Time + Profit: The Social Media Marketing Challenge

In business, we’ve heard this often enough: time is money. Which means time is profit. Add to that the business demand of sales now and results are everything and you have an immediate challenge for marketing through social media channels. The added challenge is that “speed to results” isn’t just a business demand. It’s reflected in politics today where long-term goals are for the next guy and short-term keeps politicians elected. Even health care systems in Western countries are more “emergency medicine” focused than they on are long-term issues.

This may in part be the reason so many larger brands engage in social media for campaigns, rather than the long haul. And why there is such heated and ongoing debate over metrics in social media engagement. Rarely do corporately driven efforts in social media pay off quickly. The return rather, is more “soft” for the most part and about a dialogue that is measured over time. Dialogue that develops “reputation” or carries the message over the longer term. Dell dove into Twitter and a year or so later reported $2 Million in revenue via this channel. Not bad, but for a large corporation like Dell, not great either.

Then there’s the whole angle of delivering better customer service through social media channels. Jury still seems to be out over successes versus failure or a viable solution here. Some pundits hailed the business version of the second coming with regard to social media and customer service. It is impossible to truly have a 1:1 engagement with clients on any scale with an enterprise of any significant size – A good blog post addresses this by Beth Harte at the Harte of Marketing.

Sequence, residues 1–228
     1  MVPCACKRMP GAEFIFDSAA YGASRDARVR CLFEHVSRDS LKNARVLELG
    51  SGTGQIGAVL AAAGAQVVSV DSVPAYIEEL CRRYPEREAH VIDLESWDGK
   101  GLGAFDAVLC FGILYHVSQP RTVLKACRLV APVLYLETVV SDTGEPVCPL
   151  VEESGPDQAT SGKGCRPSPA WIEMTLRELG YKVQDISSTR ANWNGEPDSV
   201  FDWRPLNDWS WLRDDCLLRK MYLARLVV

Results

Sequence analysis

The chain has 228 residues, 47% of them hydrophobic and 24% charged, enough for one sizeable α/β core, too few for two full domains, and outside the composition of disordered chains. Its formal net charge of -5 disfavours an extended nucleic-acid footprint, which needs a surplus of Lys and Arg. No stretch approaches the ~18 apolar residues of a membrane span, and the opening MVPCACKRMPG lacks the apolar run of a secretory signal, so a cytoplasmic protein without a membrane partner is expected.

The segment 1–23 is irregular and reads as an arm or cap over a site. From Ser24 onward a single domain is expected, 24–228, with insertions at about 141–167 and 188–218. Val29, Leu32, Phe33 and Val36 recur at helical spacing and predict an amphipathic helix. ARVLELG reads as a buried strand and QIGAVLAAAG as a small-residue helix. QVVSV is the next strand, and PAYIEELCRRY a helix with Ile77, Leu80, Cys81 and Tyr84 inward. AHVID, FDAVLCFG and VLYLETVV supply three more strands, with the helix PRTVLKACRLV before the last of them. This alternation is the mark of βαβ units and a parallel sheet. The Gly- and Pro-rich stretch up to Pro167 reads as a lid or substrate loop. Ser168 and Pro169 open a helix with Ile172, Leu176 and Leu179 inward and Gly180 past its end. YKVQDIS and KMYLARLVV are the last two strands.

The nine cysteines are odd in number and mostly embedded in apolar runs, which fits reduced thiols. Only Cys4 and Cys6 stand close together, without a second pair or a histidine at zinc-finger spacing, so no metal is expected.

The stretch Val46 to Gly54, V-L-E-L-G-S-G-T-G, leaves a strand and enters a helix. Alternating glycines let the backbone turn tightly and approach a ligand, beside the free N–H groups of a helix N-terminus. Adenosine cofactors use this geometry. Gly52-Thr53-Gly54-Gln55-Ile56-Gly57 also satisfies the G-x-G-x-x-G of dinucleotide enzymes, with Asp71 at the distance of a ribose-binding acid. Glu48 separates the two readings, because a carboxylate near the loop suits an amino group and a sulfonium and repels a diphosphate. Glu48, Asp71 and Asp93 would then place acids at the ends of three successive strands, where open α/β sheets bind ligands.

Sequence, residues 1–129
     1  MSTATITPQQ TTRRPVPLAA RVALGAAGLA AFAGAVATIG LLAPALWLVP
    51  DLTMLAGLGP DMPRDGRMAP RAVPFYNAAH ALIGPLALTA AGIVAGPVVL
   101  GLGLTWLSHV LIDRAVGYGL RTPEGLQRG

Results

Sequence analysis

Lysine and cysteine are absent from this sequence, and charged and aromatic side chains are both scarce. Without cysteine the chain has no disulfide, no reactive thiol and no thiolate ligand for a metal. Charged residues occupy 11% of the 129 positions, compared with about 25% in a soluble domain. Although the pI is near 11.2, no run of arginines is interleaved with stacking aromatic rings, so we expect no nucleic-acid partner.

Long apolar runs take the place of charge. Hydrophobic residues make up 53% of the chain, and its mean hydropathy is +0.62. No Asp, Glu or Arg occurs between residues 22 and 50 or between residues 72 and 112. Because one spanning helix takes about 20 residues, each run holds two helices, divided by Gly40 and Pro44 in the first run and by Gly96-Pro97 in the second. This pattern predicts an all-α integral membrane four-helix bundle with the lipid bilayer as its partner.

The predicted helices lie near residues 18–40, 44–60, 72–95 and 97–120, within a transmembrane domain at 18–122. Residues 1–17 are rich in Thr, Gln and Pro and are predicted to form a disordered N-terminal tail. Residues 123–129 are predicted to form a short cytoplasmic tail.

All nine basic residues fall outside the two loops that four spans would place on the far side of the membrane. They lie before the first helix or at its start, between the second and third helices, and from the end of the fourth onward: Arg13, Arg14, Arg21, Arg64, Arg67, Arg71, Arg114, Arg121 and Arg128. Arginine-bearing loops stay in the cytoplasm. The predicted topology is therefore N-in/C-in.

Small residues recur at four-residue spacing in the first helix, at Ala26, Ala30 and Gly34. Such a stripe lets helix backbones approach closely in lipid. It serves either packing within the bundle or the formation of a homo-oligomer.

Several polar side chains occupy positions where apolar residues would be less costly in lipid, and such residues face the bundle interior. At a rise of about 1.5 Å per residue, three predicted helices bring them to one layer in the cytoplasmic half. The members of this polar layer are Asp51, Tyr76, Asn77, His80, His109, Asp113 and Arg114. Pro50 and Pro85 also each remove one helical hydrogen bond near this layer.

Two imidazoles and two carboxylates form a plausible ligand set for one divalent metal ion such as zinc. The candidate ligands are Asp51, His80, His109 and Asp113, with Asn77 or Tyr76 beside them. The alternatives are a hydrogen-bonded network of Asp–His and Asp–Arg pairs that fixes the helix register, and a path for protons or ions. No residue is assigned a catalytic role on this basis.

In a world that is hyper-connected ever driving hyper-fast results, social media engagement is antithetical. Still worth the effort for brand engagement, reputation management and customer service, but companies, our research shows, would be better served by managing their expectation of an immediate return. Social media marketing is true to what marketing is – a strategic part of the revenue process, not tactical sales, or at least very rarely so.

(Author: G. Crouch)